In praise of Henrique Hilario

It has become fashionable in some quarters, this website included, to poke fun at our loyal servant Henrique Hilario. With the sort of ‘support’ that Hilario receives from some fans, a neutral could be forgiven for thinking that he was doing something terrible like deliberately dragging out an existing contract in order to line his own pockets at the club’s expense. This is most emphatically not the case.

For those who need their memories refreshing, Henrique Hilario was signed as third-choice keeper by Mourinho back in 2006 during his first spell as manager. As such he is considered one of Chelsea’s ‘Old Guard’ along with the likes of Terry, Lampard, Cech and Cole. Chelsea went on to win a European Cup, a UEFA league title, a Premiership title and 4 FA Cups on Hilario’s watch. No mean feat. Does he deserve any credit for these honors given that he seldom sees any first team action? Yes, absolutely.

To work as a third-choice keeper at any major club has to be one of the most thankless jobs in football. You have to train constantly and maintain a near-perpetual state of match fitness as you can, quite literally, find yourself being asked to step up at a moment’s notice, though this hardly ever happens. In addition to this you can look forward to a life hidden in the wings whilst those above you get to enjoy the praise, recognition and heady moments of glory that team success brings. On the rare occasions when you do get to perform, often in the ‘big’ games towards the end of a season, the fans are seldom happy to see you and spend most of their time lamenting the loss of their injured/suspended first choice keepers. To add insult to injury, back-up keepers rarely receive any winner’s medals or the recognition that goes with them due to regulations governing the number of games you need to play in order to qualify for one; 10 in the case of the Premier League. A few special saves can change the outcome of a whole campaign, whereas youngsters making ten short appearances as a substitute seldom change anything.

Chelsea’s management is not known for misplaced sentimentality, or any sentimentality at all for that matter. The only reason that Hilario’s name has been on the squad sheet for the last 8 years is because he is very good at his job. It goes without saying that no major team can operate effectively without a third-choice keeper. To imply that this keeper works less, has an easier life or is in any way inferior as a squad member is plain rubbish. Our third-choice keeper first saw action back in 2006, in the immediate aftermath of THAT match against Reading, the one that saw Petr Cech nearly have his career prematurely terminated and second choice keeper Carlo Cudicini injured in the same game. John Terry ended up in goal that day; it’s interesting to see who steps up when the poo hits the ventilator, though a bit of a no-brainer at the end of the day. Hilario made his Chelsea debut in the next match, a Champions League game against Barcelona of all people. He pulled off a string of fine saves and kept a clean sheet during a 1-0 victory. During his nearly 8 years at Chelsea Hilario has made a total of 39 appearances, four as a substitute, and kept 18 clean sheets. Team stats for the games in which he featured are W 26, D 8, L 5. Not bad at all for a third-choice keeper.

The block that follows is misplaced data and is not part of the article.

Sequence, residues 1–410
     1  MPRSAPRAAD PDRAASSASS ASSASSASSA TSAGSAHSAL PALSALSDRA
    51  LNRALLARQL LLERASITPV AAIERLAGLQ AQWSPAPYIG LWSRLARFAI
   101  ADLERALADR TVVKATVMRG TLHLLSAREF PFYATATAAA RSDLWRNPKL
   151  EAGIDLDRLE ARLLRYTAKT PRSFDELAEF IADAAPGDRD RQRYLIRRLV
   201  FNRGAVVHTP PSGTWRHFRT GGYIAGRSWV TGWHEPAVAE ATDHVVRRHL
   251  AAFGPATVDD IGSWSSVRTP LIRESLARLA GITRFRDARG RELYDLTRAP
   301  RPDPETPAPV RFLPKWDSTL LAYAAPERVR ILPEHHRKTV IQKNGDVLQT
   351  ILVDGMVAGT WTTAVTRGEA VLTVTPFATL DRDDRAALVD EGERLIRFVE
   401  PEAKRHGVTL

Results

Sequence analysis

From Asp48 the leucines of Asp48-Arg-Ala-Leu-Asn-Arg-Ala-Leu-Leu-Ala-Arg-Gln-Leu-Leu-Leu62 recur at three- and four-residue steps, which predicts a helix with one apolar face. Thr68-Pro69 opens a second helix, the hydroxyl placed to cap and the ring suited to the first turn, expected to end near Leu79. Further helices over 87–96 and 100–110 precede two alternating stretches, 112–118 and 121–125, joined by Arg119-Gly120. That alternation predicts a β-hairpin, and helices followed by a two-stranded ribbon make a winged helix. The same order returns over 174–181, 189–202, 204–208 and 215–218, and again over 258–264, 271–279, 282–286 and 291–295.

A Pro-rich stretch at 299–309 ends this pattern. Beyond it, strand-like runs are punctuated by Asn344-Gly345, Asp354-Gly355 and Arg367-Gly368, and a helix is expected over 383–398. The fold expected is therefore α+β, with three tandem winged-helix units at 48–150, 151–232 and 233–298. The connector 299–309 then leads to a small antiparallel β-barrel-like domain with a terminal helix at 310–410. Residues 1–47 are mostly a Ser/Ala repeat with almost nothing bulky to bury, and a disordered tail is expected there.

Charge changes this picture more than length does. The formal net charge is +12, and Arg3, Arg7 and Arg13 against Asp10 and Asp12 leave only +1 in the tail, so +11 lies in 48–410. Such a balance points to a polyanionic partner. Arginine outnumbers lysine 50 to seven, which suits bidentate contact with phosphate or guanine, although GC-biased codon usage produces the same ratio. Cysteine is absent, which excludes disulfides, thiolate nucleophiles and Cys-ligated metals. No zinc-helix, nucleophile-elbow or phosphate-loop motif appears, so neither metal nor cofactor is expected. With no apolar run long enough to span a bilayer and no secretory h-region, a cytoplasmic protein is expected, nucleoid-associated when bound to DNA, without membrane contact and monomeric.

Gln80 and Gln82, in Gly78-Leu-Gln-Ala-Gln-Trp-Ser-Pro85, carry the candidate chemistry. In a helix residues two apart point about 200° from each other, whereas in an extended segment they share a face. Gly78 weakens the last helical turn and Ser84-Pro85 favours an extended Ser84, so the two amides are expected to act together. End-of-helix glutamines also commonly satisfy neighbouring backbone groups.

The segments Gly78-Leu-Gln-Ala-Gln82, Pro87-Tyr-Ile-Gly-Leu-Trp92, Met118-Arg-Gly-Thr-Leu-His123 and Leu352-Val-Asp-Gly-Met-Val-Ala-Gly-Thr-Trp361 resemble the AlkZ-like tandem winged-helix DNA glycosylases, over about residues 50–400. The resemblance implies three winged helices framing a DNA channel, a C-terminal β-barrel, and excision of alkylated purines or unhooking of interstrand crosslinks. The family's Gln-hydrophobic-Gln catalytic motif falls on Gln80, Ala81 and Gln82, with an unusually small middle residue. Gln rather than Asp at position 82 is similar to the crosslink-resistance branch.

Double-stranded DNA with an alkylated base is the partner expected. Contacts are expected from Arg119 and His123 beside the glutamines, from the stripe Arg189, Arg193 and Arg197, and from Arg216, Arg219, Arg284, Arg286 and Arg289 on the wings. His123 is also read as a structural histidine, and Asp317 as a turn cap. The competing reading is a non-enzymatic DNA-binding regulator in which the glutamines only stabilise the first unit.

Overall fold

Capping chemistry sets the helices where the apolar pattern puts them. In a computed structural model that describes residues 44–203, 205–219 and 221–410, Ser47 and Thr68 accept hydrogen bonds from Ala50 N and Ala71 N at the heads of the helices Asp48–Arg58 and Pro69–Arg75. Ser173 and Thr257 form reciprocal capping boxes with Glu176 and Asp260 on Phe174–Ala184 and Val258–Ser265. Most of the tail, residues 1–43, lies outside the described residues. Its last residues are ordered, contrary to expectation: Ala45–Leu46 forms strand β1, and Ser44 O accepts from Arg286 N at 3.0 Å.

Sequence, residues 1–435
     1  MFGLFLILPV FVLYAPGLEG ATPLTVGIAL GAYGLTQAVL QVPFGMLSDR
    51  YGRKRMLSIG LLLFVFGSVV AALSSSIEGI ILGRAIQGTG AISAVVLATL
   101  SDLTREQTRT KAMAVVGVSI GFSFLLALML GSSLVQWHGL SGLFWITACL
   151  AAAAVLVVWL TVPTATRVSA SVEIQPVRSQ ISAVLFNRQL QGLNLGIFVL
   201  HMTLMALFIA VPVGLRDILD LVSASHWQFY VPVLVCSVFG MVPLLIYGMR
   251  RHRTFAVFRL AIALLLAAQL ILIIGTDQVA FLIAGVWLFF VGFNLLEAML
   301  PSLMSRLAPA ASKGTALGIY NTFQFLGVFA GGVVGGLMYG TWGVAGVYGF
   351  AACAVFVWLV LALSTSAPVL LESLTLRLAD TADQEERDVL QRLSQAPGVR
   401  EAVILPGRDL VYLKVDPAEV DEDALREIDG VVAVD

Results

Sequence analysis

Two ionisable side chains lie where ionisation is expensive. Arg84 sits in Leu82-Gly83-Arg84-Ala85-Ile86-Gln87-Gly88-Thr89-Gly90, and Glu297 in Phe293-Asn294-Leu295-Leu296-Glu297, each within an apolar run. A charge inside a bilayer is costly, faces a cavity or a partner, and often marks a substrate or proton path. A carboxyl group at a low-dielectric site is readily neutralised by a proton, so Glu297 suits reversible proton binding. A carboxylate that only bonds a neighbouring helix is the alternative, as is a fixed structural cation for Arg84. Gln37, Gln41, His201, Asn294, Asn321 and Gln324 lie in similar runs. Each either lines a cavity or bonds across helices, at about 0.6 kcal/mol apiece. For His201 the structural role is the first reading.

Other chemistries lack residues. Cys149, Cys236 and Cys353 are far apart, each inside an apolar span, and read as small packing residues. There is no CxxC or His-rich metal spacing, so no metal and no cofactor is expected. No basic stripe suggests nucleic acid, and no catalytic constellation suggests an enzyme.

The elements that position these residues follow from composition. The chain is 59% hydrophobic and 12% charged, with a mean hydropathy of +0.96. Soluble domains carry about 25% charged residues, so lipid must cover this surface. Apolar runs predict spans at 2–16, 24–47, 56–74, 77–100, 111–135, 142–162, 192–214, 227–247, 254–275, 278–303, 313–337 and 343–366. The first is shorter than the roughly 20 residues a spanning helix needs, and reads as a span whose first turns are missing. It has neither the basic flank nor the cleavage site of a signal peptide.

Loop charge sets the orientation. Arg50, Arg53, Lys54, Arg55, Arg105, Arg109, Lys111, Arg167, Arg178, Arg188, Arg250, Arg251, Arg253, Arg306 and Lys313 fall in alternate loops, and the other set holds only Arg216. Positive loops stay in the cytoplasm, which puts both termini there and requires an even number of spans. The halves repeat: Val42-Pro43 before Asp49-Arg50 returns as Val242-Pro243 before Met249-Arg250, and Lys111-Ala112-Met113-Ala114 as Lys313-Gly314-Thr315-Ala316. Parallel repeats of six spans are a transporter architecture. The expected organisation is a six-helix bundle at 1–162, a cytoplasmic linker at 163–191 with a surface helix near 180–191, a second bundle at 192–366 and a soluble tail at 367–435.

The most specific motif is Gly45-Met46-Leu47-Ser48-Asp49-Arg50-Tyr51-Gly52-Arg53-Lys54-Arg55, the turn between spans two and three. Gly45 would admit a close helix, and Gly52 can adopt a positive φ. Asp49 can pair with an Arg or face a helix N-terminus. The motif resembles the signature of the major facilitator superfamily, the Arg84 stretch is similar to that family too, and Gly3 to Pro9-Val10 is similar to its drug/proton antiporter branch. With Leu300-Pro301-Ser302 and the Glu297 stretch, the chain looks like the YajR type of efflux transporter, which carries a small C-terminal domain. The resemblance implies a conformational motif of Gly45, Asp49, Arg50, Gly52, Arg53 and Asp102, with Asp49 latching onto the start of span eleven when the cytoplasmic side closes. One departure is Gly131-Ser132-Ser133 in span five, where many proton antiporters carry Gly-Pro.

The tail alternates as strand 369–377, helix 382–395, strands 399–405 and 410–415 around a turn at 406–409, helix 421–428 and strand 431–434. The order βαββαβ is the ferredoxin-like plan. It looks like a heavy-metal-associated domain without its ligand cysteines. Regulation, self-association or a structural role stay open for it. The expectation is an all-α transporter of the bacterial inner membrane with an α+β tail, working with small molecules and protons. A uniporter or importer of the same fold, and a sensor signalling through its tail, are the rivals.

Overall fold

In recent times Hilario has grown into a figure of almost mythical proportions amongst the Chelsea faithful. Having been released by the club at the end of the 2012/2013 season he was spotted boarding the plane for Chelsea’s 2013 summer tour of America. We can only conclude that he was offered a last-minute (one year) contract extension, but the club have never confirmed or denied this rumor. Given that his name stands on the squad sheet we can further assume that he still lives in England and actually shows up for training occasionally though I am yet to see any solid evidence in support of this. Has anyone seen Hilario lurking around in the background in any footage from Cobham recently? Last but not least is the mysterious matter the missing squad number. In previous years Hilario wore the number 40 shirt. Why does he not still have it? It is not as if anyone else is desperate to get their paws on it. Can you be a squad member without a squad number? Apparently so. Hilario has assumed the mystical role of a footballing King Arthur, ready to rise from the grave to save Avalon (read Chelsea) in its moment of direst need.

There is a small but significant chance that we have not seen the last of Hilario. The frightening possibility remains that we could end up without both Cech and Schwarzer in, for example, a Champion’s League semi or a Premier League do-or-die. Given the choice between Henrique and an academy product on work experience with the big boys (sorry Jamal) I know who I would prefer to see between the sticks. I suspect that Mourinho (fan of promoting youth talent that he is) knows also.

I am sure that I am not alone in wishing to both thank and salute Henrique for his professionalism, talent and loyal service to the club over the last 8 years. Here’s hoping that he remains with us for many years to come, in spirit if not in body.

Note: The official Chelsea website still has Hilario kits for sale, and yes, the shirts have a number 40 on the back of them. Old stock from previous years? Don’t be cynical.

This FanPost was contributed by a member of the community and was not subject to any sort of approval process. It does not necessarily reflect the opinions held by the editors of this site.

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